But they often do. For example, a record with bonus material (a live version of a song, for example). Collected volumes of comics with a nice hardcover, extra art pages, etc. A new, leather bound copy of a famous book with notes on the author, story, etc. A lot times, these newer editions of things do indeed have extra goodies that would seem to make them more desirable.
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Jordan Fraser
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I think most people buy games with the intention to play them (even though many, including me, overestimate how much free time there is to play said games). If you're buying something to use it, it makes sense to have the version with the best components, best rules, etc.

However, collectors tend to buy things because they are rare. This explains why many of the old video games that are worth a lot are really crappy games. This also explains why the value (long term) of Earthbound dropped, but not completely. It's digital release meant that people who simply want to play the game are no longer in the market, but those who collect based on rarity would remain interested in owning the original version.
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David C
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I know with original records vs. new...

https://en.wikipedia.org/wiki/Loudness_war
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Justin
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juggler5 wrote:
A lot times, these newer editions of things do indeed have extra goodies that would seem to make them more desirable.


You've still got the issue of time. Do people want to buy a new reissue of their childhood toy? No, they want one like the one they first had. If they started producing TMNT action figures that were identical to the ones I had as a child I might buy some, but having the one that was made back when I was a kid is better. Why? Because of that nostalgia I get holding the original one. The urge to take care of it now that it's in my possession.



 
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Traig Born
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The core of the other hobbies you mentioned are collectors. The majority of people interested in those activities prioritize the collecting aspect. So the original printing has an intrinsic value.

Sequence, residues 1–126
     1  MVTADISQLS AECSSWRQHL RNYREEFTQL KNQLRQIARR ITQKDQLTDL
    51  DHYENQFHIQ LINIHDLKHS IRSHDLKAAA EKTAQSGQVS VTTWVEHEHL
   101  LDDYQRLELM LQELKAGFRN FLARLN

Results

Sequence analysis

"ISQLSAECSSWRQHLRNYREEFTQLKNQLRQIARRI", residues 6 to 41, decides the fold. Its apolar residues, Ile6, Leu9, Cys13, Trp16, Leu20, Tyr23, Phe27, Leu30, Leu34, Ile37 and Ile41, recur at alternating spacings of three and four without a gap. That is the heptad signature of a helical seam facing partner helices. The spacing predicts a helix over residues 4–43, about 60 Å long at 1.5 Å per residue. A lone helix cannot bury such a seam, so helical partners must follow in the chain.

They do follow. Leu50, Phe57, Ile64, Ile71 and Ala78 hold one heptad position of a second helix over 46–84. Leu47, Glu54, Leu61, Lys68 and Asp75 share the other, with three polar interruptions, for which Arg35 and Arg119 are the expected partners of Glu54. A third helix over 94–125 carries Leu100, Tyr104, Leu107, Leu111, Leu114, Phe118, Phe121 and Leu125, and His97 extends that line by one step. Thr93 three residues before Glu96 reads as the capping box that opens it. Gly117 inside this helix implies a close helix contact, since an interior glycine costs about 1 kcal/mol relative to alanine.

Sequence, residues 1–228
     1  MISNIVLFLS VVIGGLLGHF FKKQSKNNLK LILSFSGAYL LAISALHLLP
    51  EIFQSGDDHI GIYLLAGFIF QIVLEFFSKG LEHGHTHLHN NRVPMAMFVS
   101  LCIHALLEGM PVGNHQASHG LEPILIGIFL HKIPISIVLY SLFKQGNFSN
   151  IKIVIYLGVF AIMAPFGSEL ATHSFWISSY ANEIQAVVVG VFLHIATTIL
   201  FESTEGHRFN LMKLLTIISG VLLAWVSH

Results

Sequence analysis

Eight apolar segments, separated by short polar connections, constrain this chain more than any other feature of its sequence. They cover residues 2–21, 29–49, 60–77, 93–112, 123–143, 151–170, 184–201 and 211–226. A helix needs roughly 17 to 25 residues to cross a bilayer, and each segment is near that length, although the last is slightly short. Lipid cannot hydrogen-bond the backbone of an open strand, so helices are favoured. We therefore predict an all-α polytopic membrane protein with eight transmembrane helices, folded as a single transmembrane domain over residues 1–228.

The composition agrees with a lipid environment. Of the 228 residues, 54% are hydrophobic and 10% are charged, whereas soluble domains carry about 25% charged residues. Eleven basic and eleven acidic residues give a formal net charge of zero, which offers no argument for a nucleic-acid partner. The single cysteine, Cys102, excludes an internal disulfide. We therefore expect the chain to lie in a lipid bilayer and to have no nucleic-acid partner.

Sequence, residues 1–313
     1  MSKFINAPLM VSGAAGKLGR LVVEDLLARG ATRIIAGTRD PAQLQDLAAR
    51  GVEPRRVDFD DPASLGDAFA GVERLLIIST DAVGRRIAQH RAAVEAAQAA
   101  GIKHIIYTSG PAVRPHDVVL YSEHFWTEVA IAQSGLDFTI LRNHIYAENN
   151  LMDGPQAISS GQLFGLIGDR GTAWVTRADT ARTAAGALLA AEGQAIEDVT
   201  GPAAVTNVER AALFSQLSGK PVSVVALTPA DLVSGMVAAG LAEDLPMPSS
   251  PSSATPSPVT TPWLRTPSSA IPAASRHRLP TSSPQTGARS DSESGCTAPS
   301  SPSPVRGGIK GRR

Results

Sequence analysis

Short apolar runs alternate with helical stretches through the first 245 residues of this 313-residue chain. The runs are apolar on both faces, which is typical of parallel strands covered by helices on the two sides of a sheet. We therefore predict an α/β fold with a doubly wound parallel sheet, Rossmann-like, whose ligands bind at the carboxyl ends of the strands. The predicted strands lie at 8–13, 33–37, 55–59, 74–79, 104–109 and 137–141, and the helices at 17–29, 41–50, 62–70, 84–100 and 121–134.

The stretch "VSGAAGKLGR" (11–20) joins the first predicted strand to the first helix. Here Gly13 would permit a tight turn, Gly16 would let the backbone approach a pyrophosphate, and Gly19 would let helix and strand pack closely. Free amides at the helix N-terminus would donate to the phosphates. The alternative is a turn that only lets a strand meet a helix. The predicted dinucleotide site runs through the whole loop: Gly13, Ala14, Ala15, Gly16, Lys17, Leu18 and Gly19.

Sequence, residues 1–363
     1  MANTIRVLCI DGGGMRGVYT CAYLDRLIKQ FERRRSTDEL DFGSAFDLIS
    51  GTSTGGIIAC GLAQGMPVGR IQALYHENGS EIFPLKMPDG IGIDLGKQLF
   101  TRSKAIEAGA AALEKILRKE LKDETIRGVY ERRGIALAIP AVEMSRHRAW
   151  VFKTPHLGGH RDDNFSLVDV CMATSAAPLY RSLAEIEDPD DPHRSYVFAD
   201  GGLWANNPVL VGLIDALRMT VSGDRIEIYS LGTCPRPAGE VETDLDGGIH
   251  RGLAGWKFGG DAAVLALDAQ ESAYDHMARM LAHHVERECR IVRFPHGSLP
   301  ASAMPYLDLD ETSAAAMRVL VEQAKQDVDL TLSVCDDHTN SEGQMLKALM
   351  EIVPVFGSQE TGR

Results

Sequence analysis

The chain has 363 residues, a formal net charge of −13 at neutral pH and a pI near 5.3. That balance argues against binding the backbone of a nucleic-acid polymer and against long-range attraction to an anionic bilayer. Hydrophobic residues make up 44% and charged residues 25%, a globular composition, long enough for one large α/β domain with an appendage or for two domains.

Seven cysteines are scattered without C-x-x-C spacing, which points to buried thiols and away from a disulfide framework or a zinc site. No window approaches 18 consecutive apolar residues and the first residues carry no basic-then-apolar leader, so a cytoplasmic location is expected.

The core of the board game hobby are players. Their is a library building aspect, but even then I want the best version possible. The best version is usually the newer one.
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maf man
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well collecting games is quite a bit different than collecting nearly everything else. Most board game collectors intend for their games to be played so their value is commonly related to the game's quality rather than its rarity.
Sure some people are motivated by rarity but its usually more due to some other related reason like having an emotional connection to a specific version or feeling it has historical significance such as a prototype/kickstarter version.
When price is related to rarity for games its simply about getting the chance to play a good game, thats not really something comparable to collecting stamps. Even video games, if you missed a video game chances are you can play a game thats better as they build on one another. Board games are still small compared to that market. I can rattle off similar video games for every one I can think of, I can't do that for board games.
 
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I collect loads of different stuff and boardgames tend to be unique in that I'll actively look for the most recent editions and overlook 1sts eds where there is more than one version available.

There are always exceptions where the originals are just fine and reprints look ugly - the new look Colosseum for example - but by and large it often feels that 1st edition boardgames are becoming more like beta tests where mistakes get picked up and corrected for future editions.

Kickstarter might have something to do with this phenomenon, as larger publishing houses are getting bypassed and keen amateurs are rushing to meet deadlines...
 
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Nibble Wut?
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braderunnah wrote:
If they started producing TMNT action figures that were identical to the ones I had as a child I might buy some, but having the one that was made back when I was a kid is better. Why? Because of that nostalgia I get holding the original one. The urge to take care of it now that it's in my possession.


Slightly off topic, but I'm loving the way Gentle Giant and Matty Collector have been taking original 80's toys, digitally scanning them and scaling them up to 12" for "grown up" collectors.

The original toys just feel so tiny and puny, when stuff like He-Man and TMNT felt kinda chunky back then; holding the new giant sized toys in the retro packaging really felt like being a 10 year old again in the toy store, a feeling I never really got when finding an original figure in a goodwill store or collectibles market.
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B C Z
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Be sure to understand the difference between those who want to play the *content* of the game, regardless of edition, and those who want to *own* a specific implementation/printing.

Those in the second category may well want to own both the old and new.

Those in the first category are typically pleased to be able to pay less for the same content.